We know nothing about this minority church besides their name, location, and service time. When the service begins, words are displayed overhead while we sing along with recorded music. Many people raise their arms in praise to God.
The worship occurs organically, so naturally that I don’t realize there isn’t a song leader.
As we sing, people shake tambourines with vigor, underscoring key words and phrases in the songs. This accentuates our worship. Involving the crowd transitions them from audience to participants.
We witness a baby dedication. The pastor’s prayer is passionate as he proclaims protection and favor over the child. He doesn’t say this as a request, but as a declaration. I appreciate his spiritual boldness.
Throughout the service, the minister continues to pronounce blessings. We see it next in celebrating October birthdays, with each celebrant receiving his or her own blessing. We extend our hands, nodding and voicing affirmation, as the minister places his hand on the head of each one and prays.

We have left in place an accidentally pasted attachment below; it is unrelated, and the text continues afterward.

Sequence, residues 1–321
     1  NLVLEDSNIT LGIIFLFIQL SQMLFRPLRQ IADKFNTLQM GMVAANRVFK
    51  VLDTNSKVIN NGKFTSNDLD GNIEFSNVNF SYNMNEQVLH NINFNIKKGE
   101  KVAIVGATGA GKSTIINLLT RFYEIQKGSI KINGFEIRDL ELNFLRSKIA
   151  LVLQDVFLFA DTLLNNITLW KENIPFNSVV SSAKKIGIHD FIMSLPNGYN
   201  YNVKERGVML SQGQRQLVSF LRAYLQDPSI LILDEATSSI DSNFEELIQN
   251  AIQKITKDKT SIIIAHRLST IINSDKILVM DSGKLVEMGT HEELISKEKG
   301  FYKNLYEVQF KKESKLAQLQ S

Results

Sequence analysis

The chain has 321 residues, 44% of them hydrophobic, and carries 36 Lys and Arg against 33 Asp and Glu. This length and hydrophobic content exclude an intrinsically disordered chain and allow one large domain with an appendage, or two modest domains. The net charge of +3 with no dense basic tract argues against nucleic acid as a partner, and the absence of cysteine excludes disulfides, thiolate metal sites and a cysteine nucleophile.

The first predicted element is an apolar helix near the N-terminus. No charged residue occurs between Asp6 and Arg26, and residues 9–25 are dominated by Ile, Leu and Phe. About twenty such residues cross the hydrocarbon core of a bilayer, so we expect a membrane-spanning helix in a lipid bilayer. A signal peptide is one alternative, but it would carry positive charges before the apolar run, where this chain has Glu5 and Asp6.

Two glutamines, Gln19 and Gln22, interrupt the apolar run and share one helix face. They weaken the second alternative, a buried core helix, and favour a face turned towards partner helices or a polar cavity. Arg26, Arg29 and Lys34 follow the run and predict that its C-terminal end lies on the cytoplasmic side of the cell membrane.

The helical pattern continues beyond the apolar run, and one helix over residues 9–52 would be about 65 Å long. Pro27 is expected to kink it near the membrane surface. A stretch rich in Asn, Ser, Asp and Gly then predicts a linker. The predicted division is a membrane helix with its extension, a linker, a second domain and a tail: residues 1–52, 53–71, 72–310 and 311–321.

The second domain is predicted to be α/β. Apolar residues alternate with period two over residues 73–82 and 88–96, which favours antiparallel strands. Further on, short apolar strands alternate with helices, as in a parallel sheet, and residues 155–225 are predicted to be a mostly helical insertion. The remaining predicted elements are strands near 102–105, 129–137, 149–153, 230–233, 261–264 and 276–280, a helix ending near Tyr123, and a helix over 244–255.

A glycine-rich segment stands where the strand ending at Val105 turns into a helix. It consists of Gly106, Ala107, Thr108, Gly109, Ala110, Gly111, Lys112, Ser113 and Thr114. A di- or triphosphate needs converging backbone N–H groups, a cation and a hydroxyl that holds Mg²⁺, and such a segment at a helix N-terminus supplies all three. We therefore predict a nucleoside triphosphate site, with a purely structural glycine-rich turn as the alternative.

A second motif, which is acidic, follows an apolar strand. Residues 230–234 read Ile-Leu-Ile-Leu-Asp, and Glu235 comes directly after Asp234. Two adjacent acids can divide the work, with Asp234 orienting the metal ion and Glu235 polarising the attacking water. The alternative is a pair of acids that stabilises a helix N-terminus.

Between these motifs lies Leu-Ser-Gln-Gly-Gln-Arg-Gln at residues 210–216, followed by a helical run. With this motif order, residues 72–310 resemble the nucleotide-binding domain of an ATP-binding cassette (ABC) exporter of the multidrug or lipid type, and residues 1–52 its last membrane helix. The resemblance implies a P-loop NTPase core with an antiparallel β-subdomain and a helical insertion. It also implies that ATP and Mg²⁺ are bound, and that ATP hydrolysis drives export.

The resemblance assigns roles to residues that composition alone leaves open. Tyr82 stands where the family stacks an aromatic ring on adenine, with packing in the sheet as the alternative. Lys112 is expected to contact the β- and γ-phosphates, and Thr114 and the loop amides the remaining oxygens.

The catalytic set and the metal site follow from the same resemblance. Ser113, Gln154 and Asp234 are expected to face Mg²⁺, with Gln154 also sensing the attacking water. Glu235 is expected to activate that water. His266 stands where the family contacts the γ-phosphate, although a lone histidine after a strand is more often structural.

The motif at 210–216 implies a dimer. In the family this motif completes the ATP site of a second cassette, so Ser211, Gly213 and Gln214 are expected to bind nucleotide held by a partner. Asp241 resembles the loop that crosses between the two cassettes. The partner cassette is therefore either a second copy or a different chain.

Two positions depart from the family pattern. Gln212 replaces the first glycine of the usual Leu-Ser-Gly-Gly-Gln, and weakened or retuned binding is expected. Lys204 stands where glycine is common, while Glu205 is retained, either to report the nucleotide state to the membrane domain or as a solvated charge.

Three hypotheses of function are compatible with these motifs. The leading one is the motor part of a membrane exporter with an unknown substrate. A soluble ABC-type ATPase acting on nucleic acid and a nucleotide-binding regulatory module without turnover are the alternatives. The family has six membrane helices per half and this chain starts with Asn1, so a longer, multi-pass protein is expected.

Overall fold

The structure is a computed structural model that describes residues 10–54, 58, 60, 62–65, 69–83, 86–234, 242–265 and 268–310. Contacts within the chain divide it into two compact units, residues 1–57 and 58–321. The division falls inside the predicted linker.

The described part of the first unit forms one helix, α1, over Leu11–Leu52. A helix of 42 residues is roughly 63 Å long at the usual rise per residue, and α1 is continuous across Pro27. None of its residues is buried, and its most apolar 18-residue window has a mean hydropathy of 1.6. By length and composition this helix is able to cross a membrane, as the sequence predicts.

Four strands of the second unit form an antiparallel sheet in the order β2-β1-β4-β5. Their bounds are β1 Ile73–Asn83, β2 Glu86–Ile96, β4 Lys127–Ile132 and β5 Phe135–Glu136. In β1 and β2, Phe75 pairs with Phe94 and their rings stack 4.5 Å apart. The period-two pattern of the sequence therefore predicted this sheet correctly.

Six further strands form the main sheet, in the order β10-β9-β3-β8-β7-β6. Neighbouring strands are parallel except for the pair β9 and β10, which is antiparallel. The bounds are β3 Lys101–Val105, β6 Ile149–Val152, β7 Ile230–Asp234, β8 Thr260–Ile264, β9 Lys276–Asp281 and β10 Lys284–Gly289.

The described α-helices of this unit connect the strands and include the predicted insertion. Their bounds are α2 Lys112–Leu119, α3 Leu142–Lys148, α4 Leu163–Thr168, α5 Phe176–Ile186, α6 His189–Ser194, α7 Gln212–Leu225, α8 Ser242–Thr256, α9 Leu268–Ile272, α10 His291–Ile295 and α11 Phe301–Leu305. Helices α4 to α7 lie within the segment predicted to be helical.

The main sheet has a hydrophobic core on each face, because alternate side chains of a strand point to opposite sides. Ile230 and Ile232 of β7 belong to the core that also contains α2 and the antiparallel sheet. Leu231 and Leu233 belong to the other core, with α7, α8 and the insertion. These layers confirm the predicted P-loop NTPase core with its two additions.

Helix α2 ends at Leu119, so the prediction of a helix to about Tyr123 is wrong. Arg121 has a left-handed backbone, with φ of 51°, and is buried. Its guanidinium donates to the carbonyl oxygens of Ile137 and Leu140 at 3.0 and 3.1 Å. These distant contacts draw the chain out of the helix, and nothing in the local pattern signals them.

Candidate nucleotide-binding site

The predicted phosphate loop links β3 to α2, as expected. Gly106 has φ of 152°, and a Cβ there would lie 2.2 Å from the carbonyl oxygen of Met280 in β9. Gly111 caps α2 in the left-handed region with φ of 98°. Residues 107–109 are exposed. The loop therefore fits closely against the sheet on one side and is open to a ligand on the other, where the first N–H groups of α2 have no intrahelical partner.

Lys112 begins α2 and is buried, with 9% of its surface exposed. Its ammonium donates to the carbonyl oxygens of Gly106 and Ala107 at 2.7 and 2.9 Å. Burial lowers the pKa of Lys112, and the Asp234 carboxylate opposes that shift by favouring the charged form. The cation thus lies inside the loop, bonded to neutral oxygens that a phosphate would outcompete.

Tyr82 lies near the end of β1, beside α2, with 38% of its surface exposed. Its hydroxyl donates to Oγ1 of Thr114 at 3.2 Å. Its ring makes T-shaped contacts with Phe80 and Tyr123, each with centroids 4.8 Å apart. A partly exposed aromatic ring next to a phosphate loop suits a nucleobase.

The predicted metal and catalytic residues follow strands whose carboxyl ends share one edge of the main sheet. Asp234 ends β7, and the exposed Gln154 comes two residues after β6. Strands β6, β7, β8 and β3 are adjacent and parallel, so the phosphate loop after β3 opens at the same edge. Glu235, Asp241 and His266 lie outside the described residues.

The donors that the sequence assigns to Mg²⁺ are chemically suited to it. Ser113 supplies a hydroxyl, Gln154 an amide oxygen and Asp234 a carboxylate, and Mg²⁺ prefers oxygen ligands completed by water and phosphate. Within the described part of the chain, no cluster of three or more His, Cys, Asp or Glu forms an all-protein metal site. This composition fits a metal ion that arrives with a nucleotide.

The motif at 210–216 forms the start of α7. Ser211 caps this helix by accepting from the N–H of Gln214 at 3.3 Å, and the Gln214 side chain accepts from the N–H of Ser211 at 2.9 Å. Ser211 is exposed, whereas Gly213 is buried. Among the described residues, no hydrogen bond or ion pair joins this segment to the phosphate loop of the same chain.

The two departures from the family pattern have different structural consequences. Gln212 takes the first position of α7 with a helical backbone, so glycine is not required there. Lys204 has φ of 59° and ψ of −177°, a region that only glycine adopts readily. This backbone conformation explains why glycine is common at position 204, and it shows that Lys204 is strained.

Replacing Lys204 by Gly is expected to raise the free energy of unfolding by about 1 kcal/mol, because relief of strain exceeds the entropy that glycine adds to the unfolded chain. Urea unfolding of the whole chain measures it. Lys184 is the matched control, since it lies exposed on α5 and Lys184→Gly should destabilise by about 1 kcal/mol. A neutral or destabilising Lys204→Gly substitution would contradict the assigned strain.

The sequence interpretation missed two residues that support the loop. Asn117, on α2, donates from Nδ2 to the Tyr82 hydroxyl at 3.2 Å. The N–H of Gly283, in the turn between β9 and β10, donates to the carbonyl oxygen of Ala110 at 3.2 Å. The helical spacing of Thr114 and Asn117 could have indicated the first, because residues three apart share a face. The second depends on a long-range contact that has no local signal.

After the message, the service ends with another blessing, powerfully proclaimed on us and our schools, work, city, and county. As we leave, the minister thanks us for visiting, invites us back, and asks where we live.
He’s dismayed to learn we live across the county line, an area his blessings didn’t cover. I assure him we’re not offended, but he takes our hands, proclaiming abundance and prosperity for where we live.
His message has given me much to think about; his bold prayers, an example to follow; and their worship of God, an inspiration.
[Read about Church #25 and Church #27, start at the beginning of our journey, or learn more about Church #26.]
My wife and I visited a different Christian Church every Sunday for a year. This is our story. Get your copy of 52 Churches today, available in e-book, paperback, and hardcover.
Peter DeHaan writes about biblical Christianity to confront status quo religion and live a life that matters. He seeks a fresh approach to following Jesus through the lens of Scripture, without the baggage of made-up traditions and meaningless practices.
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